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statute, and Tanbro Fabrics Corp. v. Beaunit Mills, Inc., 4 App. Div. 2d 519, 167 N.Y.S. 2d 387, judicially recognized the change. Three separate actions were consolidated. In the first, the seller, Beaunit, sued the buyer, Tanbro, for the purchase price of commodities sold and delivered. The buyer counterclaimed for breach of warranty. In the second action, the buyer sued the processor, Amity, to replevin a portion of the goods still in the processor’s possession. The processor claimed a lien. In the third action, the buyer sued both the seller and the processor in the alternative because each claimed the other was at fault. The question arose on a motion for consolidation, but the New York test for consolidation and joinder of claims is identical. The court held that the actions should be consolidated because all involved common questions of law and fact. Ader v. Blau, supra, was completely repudiated.

The court’s survey of the development of the law relating to joinder is comprehensive indeed. It summarized the report of the New York Judicial Council as follows:

“. . . In making the recommendation, the Judicial Council referred to the Ader case (supra) and the fact that the court had regarded the area of joinder of parties limited by the pleading restrictions of section 258. It added, `Complete freedom should be allowed in the joinder of causes of action as in the joinder of parties, and it is submitted that the correct approach to the joinder both of parties and of causes of action is the English one: May the matters conveniently be tried together? The problem is to combine as many matters as possible to avoid multiplicity and at the same time not unduly complicate the litigation for the jury.'”

The court stated:

“. . . The Court of Appeals, in Great Northern Tel. Co. v. Yokohama Specie Bank (297 N.Y. 135) discussed the question frontally. It held that the Ader case (supra) was a result of the pleading limitation contained in the old, and now repealed, section 258. The court went on to point out that section 211, as it then was, permitting joinder of parties, was designed to adopt the English practice with regard to joinder in this State, and, accordingly, that the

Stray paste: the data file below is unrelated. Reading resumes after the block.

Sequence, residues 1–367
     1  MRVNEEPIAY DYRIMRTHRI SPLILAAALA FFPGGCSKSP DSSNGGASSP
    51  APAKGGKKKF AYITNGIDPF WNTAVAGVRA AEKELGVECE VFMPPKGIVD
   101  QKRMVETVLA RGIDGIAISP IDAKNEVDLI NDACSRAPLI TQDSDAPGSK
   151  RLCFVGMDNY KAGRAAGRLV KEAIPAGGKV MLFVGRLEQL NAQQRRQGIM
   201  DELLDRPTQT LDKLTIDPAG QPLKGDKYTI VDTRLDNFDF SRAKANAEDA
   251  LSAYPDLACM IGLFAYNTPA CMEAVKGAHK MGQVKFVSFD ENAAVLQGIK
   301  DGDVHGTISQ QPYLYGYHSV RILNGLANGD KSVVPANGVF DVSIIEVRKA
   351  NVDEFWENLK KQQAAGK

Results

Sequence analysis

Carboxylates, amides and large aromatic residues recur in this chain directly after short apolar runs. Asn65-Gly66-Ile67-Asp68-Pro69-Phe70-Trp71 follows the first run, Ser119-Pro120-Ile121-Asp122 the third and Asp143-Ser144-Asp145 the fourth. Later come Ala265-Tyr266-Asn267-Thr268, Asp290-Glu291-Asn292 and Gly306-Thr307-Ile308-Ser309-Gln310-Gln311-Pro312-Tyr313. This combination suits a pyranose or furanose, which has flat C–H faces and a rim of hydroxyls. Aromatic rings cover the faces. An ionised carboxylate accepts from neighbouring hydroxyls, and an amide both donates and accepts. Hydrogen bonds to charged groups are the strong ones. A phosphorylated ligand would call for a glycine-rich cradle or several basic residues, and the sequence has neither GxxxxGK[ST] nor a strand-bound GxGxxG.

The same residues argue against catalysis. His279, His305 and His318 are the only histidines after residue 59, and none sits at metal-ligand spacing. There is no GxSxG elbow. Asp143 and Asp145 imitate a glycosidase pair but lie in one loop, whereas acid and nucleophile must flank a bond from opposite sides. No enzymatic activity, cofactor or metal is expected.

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greatest weight should be given to the cases under the English practice. . . .

“. . .

“The emphasis in the legislative and decisional history is that the joinder statute is to be accorded broad liberality and interpretation in order to avoid multiplicity of suits and inconsistencies in determination. Moreover, the philosophy of broad joinder of parties has been followed in many jurisdictions. (See 3 Moore on Federal Practice [2d ed.], par. 20.04, p. 2718[*] [[*]`By legislation in several states, notably California, Illinois, New Jersey, and New York, the English rules governing joinder were adopted into the codes. Since these adoptions, results similar to those in Ader v. Blau and Olsen v. Banker’s Trust Co. [205 App. Div. 669] should no longer be reached, and the liberal English practice should be carried over with the realization that permissive joinder is no longer a matter to be governed by arbitrary classifications but should be determined by the conveniences of trial in each case.’].)” Tanbro Fabrics Corp. v. Beaunit Mills, Inc., supra.

The development in England was much the same. The English law is summarized in 1 (1960) Annual Practice 327, 328, as follows:

“Before the alteration of r. 1 in 1896 the House of Lords held in Smurthwaite v. Hannay, [1894] A.C. 494 (joinder of plaintiffs), and Sadler v. G.W. Ry., [1896] A.C. 450 (joinder of defendants), that 0.16 related only to joinder of parties, and had no reference to joinder of causes of action. Accordingly i Sadler v. G.W. Ry. it was held that claims for damages against two or more defendants in respect of their several liability for separate torts could not be combined in one action. It was left an open question in that case whether and how far the rule there laid down applied to actions in which declarations of right or injunctions only were claimed.

“In 1896, r. 1, which deals with joinder of plaintiffs, was altered so as to enable the joinder of plaintiffs having several causes of action (see notes to r. 1). The effect of this alteration has been materially to enlarge the construction placed upon this Rule (4), though no corresponding alteration was made in it: for it can no longer be said that this Rule is an integral part of an Order dealing only with joinder of parties, not with joinder of causes of action.